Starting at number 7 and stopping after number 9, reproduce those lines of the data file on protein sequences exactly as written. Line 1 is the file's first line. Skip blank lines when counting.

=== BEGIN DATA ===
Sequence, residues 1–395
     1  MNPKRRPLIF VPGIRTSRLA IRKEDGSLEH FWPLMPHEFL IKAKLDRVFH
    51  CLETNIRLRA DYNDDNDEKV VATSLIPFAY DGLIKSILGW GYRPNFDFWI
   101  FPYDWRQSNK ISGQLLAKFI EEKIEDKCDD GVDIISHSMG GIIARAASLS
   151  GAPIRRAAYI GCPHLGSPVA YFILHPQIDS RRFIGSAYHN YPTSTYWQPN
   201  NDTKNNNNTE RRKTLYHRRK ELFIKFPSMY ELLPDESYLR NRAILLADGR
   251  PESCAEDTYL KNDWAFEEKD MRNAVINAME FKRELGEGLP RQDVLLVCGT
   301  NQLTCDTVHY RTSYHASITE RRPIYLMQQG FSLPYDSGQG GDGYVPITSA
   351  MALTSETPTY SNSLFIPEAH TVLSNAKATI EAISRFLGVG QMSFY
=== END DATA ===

   251  PESCAEDTYL KNDWAFEEKD MRNAVINAME FKRELGEGLP RQDVLLVCGT
   301  NQLTCDTVHY RTSYHASITE RRPIYLMQQG FSLPYDSGQG GDGYVPITSA
   351  MALTSETPTY SNSLFIPEAH TVLSNAKATI EAISRFLGVG QMSFY